7. SK-37E Stör-Viggen Electronic Warfare Aggressor (SH48150) 1:48 Special Hobby The Viggen is a rugged fighter/interceptor that was designed to fulfil a need during the deep Cold War to defend Swedish airspace in the event of an incursion by the Soviet Bloc, and to continue the fight from hidden bases near roadways, which the aircraft could use as makeshift landing strips. It was to replace both the Lansen and Draken, and did so extremely well, endearing itself to aviation enthusiasts as it did so due to its unusual double-delta/canard configuration. It was fitted with a single Volvo license built P&W JT8D with an afterburner to give it the performance needed to propel this large aircraft fast enough to accomplish short take-offs. Short landings were made possible by the inclusion of a set of large thrust reversing petals that dropped into the exhaust trunking and expelled the gases forward from slots in the side of the fuselage. The initial AJ37 variant was declared operational in 1972, and required the addition of a trainer variant, dubbed the SK37, which had an additional cockpit placed high above the original, displacing some fuel tankage in the process. The final JA37 variant was brought into service in 1980 with new computer systems, improved radar and engine, as well as other systems and the strength of the airframe, which already utilised titanium to reduce weight. The SK-37E was developed from a group of 10 airframes that were converted from trainers to Electronic Warfare trainers in the late 1990s, but were phased out after a relatively short service life in 2007. The last of the operational Viggens (Thunderbolt) were retired in 2005, replaced by the impressive JAS39 Gripen (Griffon). A number of Viggens are on display in museums – notably Newark in the UK, but the Swedes have retained one in flying condition that can sometimes be seen at British airshows along with a Draken, Lansen and even the Tunnan. If only every country was conscientious in preservation of its aviation history. The Kit The main tooling that this kit originated from is the collaborative effort between Special Hobby and Tarangus in 2014, which has been re-issued a few times over the years in single-seat guise, either with new decals or additional parts to represent other variants. This is the first major additional tooling from them, and thanks to their efforts, we now have a genuine 2-seater with no scratch-building involved. Marvellous! I do love the Viggen, in case you didn't know. The new parts include a new fuselage insert that replaces the single-seat part, which is also still on the sprues due to being surrounded by common parts. Another cockpit tub and instrument panel are also on the sprue, with appropriate glazing parts included on a small clear sprue. In the box you get nine sprues of grey styrene, two of clear parts, a fret of pre-painted Photo-Etch (PE) brass that has also been nickel-plates, a sheet of decals and a glossy colour printed instruction booklet with integrated colour and markings guide at the rear. The original tooling has been picked over ad infinitum in the intervening years, and although it has a few minor issues, they're by no means a deal breaker, and when you consider the alternatives… well there are none in this scale if you want two seats! With one seat, you have the ancient Airfix ESCI mould that is a blank canvas with some serious shape issues and almost no detail out of the box. The inclusion of Photo-Etch parts in the box is great news, even though the moulded-in cockpit detail is good, you can always improve on it with resin or PE. Even removing my rose tinted Viggen love spectacles, I'm still very happy with what's in the box. Construction begins with the ejection seats, which you build two of (unsurprisingly), and here there are a few small PE parts and a set of painted PE seatbelts for the crew, plus the anti-flail projections from the sides of the seat box. The two cockpit tubs are identical in terms of detail, but have slightly different shapes due to their location in the fuselage, and build up with either the moulded-in console detail, or the PE replacements, which are also pre-painted, for which you have to scrape and sand off the moulded-in detail. The same applies to the instrument panels, only they have a substantially different structure, due to the rear seat being the Electronic Warfare equipment, with a large projection at the top of the panel, and a limited set of dials due to a lack of available real-estate. The control columns and rudder pedals are fitted in both tubs, with PE replacements for the rudder pedals if you remove some of the detail from the originals. Before the cockpits are installed, the interior of the fuselage insert is painted and sidewall detail is attached to the pilot's (front) station, with a short blast screen fitted to the front of the rear aperture. The cockpits in their fuselage part are then set to the side while the lower nose is prepared with the nose gear bay, the APU bay installed, and the intake trunks with front engine face is built up from the split trunking that separates horizontally, joining just in front of the engine against a bulkhead, with the engine face buried deep in the fuselage, and probably only just visible. Whether you hide the seams between the two halves of the trunking is entirely up to you, but after the first kink very little will be seen. If you're a bit obsessive about that sort of thing, someone has already done a resin replacement set anyway. The trunking is applied to the bottom fuselage half, and the upper fuselage with cockpits is fixed to the top, with a bulkhead inserted at the nose end for structural strength. Attention turns to the rear fuselage, which must have the substantial exhaust trunk, thrust reversing petals and rear engine face built up and painted first. The first section is a single part with the engine and burner ring moulded-in, to which you fit another ring that holds the three thrust-reversing petals, the top-most of which is usually seen drooped into the airway on a parked aircraft due to the bleed-away of hydraulic pressure. They can be posed open or closed, and the instructions mention the droop perhaps a little late in the process. A scrap diagram shows the correct orientation of the burner in the fuselage, and with the reversers installer the exterior cowling is added at the rear. This forms the aft section of the fuselage once it is integrated in the rear fuselage, which closes up around it and is then mated to the front section, with the full-width wing lowers also added to the underside after the main gear bays are inserted. The upper wings are separate parts, as is the tail fin, of which there are quite a number of variants on the sprues, so be sure to choose the correct one. The nose cone is built from two parts and added, while the intakes are each a single part, which has a strut added to brace them against the fuselage side. Clear nav lights are fitted outboard of the last sweep change and on the wing tips, and another is added to the spine, with a small insert near the tail glued into place at the same time. You now have an almost complete airframe, so by now you'll realise that the Viggen was no small aircraft. The landing gear is built up from a number of parts that give a good account of the detail there, with separate oleo-scissors and retraction struts, separate wheels, bay doors and their retraction mechanisms, and those large rough-field ready main gear legs that seem to have struts all over the place. The main wheels are made from two halves each, and the complete assemblies are added to the bays in great detail on the instructions, shown with the captive main bay door added at this point. The inner bay doors have their jacks too, and the completed main gear area is shown in another diagram to confirm everything's position in situ. The inner bay doors can be shown retracted by cutting off the attachment lugs, so check your references and decide which pose you'd prefer. The small air-brakes on the underside are added closed, but you can leave them open, but you would need to add some extra detail so it's best to leave them closed as they would be that way on the ground for much of the time unless you buy the resin detail set. You Viggen wouldn't look much like a Christmas tree without the canards up front, and these have separate flaps to the rear like the real thing, which can be posed at an angle, or in line with airflow at your whim. Whilst you're still looking at the underside, some intakes, centre pylons and additional fuel tanks are added, with little else needed, as this variant wasn't flown as a fighter-bomber. On the topside, a number of vents, intakes, more airbrakes and aerials finish off the topside, and the APU is fitted to the open bay, captive to the door. Unless you are planning on modelling your Viggen in flight, you will want this dangling freely in the breeze, as it would deploy automatically on the ground. The canopies are the last parts of the saga, and of course there are now three parts; the fixed windscreen and two openers, which can be posed open or closed. A pair of rear-view mirrors are supplied on the PE sheet for the windscreen, as is a PE HUD frame, which you'll need to add your own acetate to, although you are at least given the sizing in another scrap diagram. At the bottom of that final page of instructions, you can find a small advert for the resin aftermarket sets available from their CMK brand, which includes M/70 rocket pods, ejection seats, thrust reverser petals, air-brakes and their bays, as well as resin wheels. They all look VERY tempting. Markings There are four decal options available from the decal sheet, which are split equally between grey and splinter camouflage. Decals are by Cartograf, which is a guarantee of good registration, sharpness and colour density, with a thin gloss carrier film cut close to the printed areas. The profiles on the first page of the decal instructions throw a little confusion on the subject, as the red lightning bolt on the tail of red 73 has been left off. SK-37E Viggen 21-73 (37811) 1 Div./Wing F21 Lulea-Kallax 2005 SK-37E Viggen FC-09 (37809) Försökcentralen (Centre of Experimental Research) Malmen Airbase 2005-7 SK-37E Viggen 4-70 (37807) TIS/TK Grupp (Type Conversion /Electronic Warfare Group), Wing F4, Östersund 2004 SK-37E Viggen 4-74 (37811) TIS/TK Grupp Wing F4 Östersund 2000 The easy options are the grey ones, but the most impressive are the splinter patterns, which I believe you can obtain masks for from a company somewhere. I have an old set knocking about, but as they're for a single-seater, I'll be painting this one grey. There's still lots of opportunity for weathering, as the aircraft were often see needing a good wash, with plenty of patina to whet your appetite for painting and weathering effects. You might have noticed that option A has a panel on the spine that has clearly been taken from a splinter camouflaged aircraft, and hasn't yet been repainted. Conclusion The Viggen is a huge, impressive-looking Cold War warrior that has a special place in my heart. The new 2-seater kit fills my need that has been previously unsatisfied for many years. Detail is good, the inclusion of a large sheet of PE and excellent decals into the bargain makes this a must-have as far as I'm concerned. If you like Viggens too, then make sure you get one. Very very highly recommended. Review sample courtesy of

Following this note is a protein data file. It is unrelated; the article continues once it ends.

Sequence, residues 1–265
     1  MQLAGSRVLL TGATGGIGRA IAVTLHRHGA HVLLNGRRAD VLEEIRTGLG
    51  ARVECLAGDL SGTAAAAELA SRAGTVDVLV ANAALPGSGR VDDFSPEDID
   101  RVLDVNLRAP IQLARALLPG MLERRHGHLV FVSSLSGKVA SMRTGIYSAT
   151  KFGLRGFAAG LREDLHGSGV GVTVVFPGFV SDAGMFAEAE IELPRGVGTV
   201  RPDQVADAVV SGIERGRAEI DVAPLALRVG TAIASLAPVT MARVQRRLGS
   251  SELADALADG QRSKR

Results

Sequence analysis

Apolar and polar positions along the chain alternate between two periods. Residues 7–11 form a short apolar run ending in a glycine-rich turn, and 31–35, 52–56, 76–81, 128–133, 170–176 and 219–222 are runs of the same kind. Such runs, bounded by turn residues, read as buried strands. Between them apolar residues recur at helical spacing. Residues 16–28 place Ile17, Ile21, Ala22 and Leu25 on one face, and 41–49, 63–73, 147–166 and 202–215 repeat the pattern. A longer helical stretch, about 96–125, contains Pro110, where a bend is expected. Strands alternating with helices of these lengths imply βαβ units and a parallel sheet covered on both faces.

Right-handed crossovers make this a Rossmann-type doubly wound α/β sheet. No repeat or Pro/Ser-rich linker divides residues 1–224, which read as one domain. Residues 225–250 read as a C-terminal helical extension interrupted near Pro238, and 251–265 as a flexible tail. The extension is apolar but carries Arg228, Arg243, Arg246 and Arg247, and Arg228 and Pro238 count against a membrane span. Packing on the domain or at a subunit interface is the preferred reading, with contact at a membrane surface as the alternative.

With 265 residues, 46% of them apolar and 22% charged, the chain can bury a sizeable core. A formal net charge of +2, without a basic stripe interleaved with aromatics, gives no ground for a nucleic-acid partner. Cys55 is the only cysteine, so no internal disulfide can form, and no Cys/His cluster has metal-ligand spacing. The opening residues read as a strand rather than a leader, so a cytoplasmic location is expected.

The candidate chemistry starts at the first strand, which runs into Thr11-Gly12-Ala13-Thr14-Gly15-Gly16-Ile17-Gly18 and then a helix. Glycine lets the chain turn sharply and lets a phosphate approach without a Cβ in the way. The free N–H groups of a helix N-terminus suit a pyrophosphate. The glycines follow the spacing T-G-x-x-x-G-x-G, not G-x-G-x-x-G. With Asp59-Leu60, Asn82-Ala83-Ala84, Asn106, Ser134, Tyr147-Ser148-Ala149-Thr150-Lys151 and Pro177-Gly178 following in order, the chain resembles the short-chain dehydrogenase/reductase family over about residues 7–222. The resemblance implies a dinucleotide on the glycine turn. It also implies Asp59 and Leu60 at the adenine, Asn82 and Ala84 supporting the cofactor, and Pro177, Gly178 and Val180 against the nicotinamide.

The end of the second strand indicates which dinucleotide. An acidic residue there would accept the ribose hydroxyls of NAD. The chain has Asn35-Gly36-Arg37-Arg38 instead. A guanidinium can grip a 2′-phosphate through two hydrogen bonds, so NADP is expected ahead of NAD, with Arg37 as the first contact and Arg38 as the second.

8. I've started a new build with something that has always interested me. I'm a bit stunned that there is now not only modelkits of these objects but they are also very, very good! I might warn you that this build might sound like a commercial for the company Pilot Replicas but I don't work for them, unfortunatly... These are the kits I'm going to try and do something nice with: I was going to start this topic a few weeks ago but I couldn't resist building instead. I've started the J 29 Tunnan and I'm loving it. I have been building models for the last 30 years but I have never seen this quality in a "mainstream kit"! The parts fit together like a dream and the sharpness of the detail is great. The whole package just screams quality! As I said... I'm sorry but it's a great kit and I'm very happy. The J 29 is my absolute favourite aircraft of all time. As some of you might already know I have a full scale one to play with! Stay tuned! I will post more pictures of the build as soon as can upload them to Photobucket. Andreas / Rudolf_Filip